Easier road to BCS?


Posted Apr 23, 2006


Tennessee’s chances of getting a BCS bid may improve a bit in the next few days.

No, the Vols aren’t about to sign a junior college star who’s touted as the next Peyton Manning or the next Reggie White. Tennessee’s roster isn’t getting any stronger … but the qualifications for BCS consideration may be getting a little weaker.

Commissioners of all Div. 1-A conferences will be meeting in Phoenix Monday through Thursday to discuss the 2007 Bowl Championship Series. No major format changes are anticipated but SEC commissioner Mike Slive, the new BCS coordinator, says two more at-large teams may be invited to the party this season.

With the BCS expanding from four bowl games to five, the requirements may have to be relaxed a little. The current standard for an at-large bid is at least nine victories and a top-12 BCS ranking. With 10 teams getting BCS bids – up from eight in years past – the bar may have to be lowered a bit. In addition to six conference champs, the BCS may offer four at-large bids, compared to two previously.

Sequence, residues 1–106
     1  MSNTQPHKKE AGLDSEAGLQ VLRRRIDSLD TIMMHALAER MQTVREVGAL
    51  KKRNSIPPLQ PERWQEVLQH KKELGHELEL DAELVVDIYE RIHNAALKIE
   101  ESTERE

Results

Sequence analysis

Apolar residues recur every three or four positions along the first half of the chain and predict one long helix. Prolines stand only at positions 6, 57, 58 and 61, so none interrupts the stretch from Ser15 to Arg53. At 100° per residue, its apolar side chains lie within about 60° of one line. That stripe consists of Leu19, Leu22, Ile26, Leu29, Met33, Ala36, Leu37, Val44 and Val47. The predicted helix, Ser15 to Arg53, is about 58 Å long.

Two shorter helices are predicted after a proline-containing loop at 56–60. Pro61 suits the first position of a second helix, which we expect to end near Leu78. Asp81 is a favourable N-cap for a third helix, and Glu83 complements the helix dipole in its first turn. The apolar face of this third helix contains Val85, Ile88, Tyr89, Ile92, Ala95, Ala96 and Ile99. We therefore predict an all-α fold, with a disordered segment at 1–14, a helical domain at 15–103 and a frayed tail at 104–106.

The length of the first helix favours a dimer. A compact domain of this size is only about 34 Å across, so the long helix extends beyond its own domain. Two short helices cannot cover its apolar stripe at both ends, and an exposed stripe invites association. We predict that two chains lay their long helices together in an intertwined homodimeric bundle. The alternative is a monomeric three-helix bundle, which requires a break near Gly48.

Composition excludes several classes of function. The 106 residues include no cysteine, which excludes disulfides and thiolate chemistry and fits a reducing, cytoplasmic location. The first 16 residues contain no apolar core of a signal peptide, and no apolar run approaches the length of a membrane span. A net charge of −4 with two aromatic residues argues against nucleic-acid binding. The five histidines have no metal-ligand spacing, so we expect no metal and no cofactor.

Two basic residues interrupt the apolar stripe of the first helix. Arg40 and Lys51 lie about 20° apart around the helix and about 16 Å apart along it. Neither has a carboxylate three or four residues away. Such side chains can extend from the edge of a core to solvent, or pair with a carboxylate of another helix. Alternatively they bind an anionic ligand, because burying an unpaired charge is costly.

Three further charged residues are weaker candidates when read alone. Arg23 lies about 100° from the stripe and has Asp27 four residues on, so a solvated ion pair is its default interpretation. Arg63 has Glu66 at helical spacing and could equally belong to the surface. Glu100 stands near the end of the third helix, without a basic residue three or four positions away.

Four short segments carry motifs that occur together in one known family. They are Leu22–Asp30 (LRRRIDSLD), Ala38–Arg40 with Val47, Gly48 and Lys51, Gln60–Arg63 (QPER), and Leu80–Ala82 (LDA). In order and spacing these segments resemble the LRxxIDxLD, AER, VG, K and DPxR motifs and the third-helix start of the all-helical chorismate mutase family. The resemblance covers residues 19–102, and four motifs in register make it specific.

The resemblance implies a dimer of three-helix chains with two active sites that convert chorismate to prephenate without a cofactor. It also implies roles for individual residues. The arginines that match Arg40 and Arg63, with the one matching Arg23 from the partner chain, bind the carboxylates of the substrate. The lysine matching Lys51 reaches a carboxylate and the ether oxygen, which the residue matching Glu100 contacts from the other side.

"One thing we will discuss is whether or not the pool of eligible at-large teams should be increased, given the additional two slots with the fifth bowl," Slive told the Associated Press. "I'm not saying we will or we won't. There will be discussion and I anticipate a decision will be made and recommended."

Lowering the standards could help a team like Tennessee. The Vols’ schedule is so difficult that they conceivably could go 9-3 (losing to Cal, Alabama, LSU) and still win the SEC East title. A competitive loss in the league championship game could leave the Vols 9-4 but outside the top-12 nationally. That wouldn’t qualify for an at-large bid under the previous BCS standards but it might under the relaxed standards.

Except for the possible lowering of the at-large qualifications, the BCS formula appears likely to remain the same for 2006 as it was for 2005.

"We anticipate that the BCS standings will again be made up of the Harris poll, the coaches' poll and the computers," Slive said.

The only change in the bowl lineup is this: One week after the Rose, Sugar, Fiesta and Orange Bowls are played, one of the Big Four cities will host the BCS title game. Tempe will be the “double-host” this season, staging the Fiesta Bowl on Jan. 3 or thereabouts, then hosting the BCS title game around Jan. 10.


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